Covered in beautiful, ornate markings, the spiders belong to the genus Poecilotheria, known as “Pokies” for short. These are the tiger spiders, an arboreal group indigenous to India and Sri Lanka that are known for being colourful, fast, and venomous. As a group, the spiders are related to a class of South American tarantula that includes the Goliath bird-eater, the world’s largest.

Yes, we know of at least two spiders bigger, not that that’s any consolation: The “goliath bird-eater” mentioned above (its name probably speaks for itself), and the appropriately cave-dwelling “giant huntsman,” the world’s largest spider, with an average leg span of — avert your eyes, arachnophobes! — a full 12 inches.

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92 comments
amandayoyay1
amandayoyay1

awesome i want to go to sri lanka and see that spider now!!!!!!!!!!!!

ICouldSewDoThat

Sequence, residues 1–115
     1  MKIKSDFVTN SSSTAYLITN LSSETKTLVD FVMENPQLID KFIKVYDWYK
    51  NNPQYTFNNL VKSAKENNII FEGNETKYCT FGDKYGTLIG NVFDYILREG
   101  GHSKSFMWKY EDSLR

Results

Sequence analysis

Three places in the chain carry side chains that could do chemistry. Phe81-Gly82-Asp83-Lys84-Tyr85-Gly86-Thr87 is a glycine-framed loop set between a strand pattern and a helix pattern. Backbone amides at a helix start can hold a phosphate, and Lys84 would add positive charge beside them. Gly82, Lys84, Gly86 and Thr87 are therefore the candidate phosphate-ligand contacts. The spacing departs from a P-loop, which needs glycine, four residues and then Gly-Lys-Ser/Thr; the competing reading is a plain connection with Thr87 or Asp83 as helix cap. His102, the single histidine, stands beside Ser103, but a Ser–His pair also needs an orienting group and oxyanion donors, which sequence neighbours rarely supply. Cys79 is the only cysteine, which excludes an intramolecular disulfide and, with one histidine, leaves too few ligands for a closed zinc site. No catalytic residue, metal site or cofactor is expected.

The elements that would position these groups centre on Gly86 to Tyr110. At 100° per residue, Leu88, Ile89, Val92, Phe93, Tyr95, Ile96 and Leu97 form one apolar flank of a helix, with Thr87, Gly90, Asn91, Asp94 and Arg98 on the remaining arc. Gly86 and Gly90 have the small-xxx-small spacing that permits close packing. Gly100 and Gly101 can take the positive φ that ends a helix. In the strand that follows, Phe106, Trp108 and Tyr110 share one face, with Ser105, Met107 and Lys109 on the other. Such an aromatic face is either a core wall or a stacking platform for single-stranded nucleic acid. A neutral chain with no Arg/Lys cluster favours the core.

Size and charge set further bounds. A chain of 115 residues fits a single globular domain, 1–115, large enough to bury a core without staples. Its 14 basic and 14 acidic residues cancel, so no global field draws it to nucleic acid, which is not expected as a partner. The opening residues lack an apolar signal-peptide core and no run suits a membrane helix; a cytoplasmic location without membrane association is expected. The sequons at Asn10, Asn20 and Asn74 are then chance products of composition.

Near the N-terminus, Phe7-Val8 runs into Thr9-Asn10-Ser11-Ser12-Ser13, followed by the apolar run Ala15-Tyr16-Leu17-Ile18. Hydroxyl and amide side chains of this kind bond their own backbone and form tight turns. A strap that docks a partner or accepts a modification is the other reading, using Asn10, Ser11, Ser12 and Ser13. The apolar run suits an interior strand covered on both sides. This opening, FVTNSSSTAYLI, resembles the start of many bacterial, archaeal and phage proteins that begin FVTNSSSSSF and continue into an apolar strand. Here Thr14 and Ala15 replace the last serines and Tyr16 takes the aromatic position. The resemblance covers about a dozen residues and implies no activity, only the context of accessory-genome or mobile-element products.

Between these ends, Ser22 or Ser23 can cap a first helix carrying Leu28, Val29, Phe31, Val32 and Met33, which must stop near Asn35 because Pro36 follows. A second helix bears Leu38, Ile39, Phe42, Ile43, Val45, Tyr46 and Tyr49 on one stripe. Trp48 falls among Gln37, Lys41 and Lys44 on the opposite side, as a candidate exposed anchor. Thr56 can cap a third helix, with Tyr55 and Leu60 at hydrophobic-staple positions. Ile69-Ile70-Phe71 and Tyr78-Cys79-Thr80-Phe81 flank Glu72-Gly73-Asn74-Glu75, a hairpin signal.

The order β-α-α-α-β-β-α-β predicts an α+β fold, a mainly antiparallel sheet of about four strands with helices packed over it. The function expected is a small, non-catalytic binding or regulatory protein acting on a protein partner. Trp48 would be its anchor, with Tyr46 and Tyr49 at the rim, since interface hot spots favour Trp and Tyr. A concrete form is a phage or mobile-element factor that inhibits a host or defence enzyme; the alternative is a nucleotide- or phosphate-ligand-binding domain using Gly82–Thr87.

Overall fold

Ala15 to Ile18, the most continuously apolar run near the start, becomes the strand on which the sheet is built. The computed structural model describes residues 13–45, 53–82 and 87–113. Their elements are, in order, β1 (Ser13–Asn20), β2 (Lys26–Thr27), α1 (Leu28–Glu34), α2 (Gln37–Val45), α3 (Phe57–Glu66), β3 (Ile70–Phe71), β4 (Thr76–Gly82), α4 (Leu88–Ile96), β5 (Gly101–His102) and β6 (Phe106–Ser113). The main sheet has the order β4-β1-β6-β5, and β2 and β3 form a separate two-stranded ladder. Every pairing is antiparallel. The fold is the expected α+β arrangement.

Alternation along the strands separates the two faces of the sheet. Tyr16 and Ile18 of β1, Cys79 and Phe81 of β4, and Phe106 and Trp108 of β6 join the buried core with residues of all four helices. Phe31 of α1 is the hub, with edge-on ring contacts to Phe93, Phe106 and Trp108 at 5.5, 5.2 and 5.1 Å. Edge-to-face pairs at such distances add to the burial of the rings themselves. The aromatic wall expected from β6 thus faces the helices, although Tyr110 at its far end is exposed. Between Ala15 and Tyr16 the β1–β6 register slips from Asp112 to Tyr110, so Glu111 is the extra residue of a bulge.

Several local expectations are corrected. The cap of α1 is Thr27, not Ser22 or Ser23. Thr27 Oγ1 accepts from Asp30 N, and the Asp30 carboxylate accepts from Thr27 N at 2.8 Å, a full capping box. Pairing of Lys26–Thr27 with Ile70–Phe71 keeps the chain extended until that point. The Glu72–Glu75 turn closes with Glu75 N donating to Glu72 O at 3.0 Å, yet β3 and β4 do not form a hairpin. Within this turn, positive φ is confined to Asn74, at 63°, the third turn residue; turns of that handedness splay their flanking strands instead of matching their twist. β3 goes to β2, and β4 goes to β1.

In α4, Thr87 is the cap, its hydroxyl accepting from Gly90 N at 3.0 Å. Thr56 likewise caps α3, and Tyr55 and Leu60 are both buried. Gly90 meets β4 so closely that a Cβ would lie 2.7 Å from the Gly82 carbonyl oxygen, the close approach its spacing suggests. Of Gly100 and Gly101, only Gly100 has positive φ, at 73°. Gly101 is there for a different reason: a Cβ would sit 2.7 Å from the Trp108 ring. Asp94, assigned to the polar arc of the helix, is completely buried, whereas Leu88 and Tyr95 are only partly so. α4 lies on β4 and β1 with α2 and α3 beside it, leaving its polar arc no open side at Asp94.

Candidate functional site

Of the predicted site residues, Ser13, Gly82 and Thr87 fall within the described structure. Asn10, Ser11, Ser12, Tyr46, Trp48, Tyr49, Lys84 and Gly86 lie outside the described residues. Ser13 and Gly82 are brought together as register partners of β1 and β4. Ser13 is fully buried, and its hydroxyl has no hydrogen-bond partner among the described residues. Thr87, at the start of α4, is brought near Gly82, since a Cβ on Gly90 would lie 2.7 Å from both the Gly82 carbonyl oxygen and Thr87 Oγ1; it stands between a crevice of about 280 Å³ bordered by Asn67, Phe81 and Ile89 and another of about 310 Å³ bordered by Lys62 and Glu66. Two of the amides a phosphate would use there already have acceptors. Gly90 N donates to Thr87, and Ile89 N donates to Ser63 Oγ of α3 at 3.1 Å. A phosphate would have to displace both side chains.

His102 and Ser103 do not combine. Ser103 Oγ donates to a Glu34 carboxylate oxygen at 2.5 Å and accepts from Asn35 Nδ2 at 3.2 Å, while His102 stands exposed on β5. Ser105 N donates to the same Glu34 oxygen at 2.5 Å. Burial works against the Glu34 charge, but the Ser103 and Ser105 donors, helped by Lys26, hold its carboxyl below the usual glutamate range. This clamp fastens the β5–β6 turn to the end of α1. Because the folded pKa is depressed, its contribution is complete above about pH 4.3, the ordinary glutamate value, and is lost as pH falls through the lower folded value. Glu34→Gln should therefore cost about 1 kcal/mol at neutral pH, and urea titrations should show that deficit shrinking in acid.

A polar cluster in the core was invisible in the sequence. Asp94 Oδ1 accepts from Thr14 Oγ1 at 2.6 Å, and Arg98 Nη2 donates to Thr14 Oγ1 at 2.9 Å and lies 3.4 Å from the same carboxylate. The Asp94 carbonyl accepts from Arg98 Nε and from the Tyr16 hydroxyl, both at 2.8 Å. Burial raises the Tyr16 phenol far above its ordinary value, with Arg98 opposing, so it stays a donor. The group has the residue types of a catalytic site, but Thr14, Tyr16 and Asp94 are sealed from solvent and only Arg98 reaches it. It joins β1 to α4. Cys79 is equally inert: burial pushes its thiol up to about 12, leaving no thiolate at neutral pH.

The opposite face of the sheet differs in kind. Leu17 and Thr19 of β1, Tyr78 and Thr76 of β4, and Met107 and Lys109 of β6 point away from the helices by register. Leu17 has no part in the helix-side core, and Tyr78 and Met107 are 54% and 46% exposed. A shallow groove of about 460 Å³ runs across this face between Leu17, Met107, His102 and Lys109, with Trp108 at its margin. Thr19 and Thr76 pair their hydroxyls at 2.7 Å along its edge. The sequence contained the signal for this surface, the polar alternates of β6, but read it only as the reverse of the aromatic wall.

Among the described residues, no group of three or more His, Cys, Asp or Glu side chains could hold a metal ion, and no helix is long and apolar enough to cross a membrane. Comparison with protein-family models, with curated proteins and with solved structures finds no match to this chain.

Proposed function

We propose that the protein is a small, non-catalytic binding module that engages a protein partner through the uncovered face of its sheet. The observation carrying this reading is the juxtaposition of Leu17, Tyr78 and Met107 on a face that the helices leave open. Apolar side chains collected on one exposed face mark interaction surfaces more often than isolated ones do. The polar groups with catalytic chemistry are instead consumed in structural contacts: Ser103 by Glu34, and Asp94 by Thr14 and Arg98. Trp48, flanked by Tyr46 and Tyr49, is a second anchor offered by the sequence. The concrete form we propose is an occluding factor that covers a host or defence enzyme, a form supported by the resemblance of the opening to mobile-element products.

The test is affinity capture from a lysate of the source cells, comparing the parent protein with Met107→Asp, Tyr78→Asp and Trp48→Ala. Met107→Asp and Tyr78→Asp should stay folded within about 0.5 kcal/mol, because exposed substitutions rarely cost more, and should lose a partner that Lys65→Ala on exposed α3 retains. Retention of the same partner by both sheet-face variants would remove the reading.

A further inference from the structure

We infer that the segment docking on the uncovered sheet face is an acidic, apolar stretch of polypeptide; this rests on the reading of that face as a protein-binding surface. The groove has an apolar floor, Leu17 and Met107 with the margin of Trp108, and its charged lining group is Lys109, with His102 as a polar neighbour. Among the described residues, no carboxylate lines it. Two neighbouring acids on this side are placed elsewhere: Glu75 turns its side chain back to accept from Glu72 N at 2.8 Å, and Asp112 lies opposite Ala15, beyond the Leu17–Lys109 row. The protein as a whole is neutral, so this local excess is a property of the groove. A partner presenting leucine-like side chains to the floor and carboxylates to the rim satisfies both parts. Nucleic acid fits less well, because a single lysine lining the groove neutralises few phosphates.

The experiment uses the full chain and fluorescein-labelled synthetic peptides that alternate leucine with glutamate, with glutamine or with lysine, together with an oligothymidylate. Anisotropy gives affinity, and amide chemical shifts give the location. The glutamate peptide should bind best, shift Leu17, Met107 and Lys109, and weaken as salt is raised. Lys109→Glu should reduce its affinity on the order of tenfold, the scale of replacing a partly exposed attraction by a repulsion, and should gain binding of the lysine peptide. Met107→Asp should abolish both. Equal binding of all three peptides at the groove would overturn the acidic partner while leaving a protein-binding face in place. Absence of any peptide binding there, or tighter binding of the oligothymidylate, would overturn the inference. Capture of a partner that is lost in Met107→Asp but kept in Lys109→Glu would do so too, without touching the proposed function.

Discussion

ICouldSewDoThat

I am now crossing Sri Lanka of my list of future travel destinations forevermore. AAAAAH!

shinngenn
shinngenn

I wouldn't go outside for good TT 

AravindaRathnayake
AravindaRathnayake

just to letting you guys know we have giant huntsman spiders and giant wood spider in Sri Lanka tow :)

hummingbird
hummingbird

Asia, Africa and South America have some exotic creatures that you really don't want to encounter. Stay out of the jungles and you should be fine...I think.

SpiderFox
SpiderFox

What about Camel Spiders?  I'm surprised there is no mention of them...  I did two tours in Iraq and saw several of them.  They can grow to nearly a foot (although I never saw any THAT big).  Talk about scary (and that's saying a lot when you dodge mortars every day)!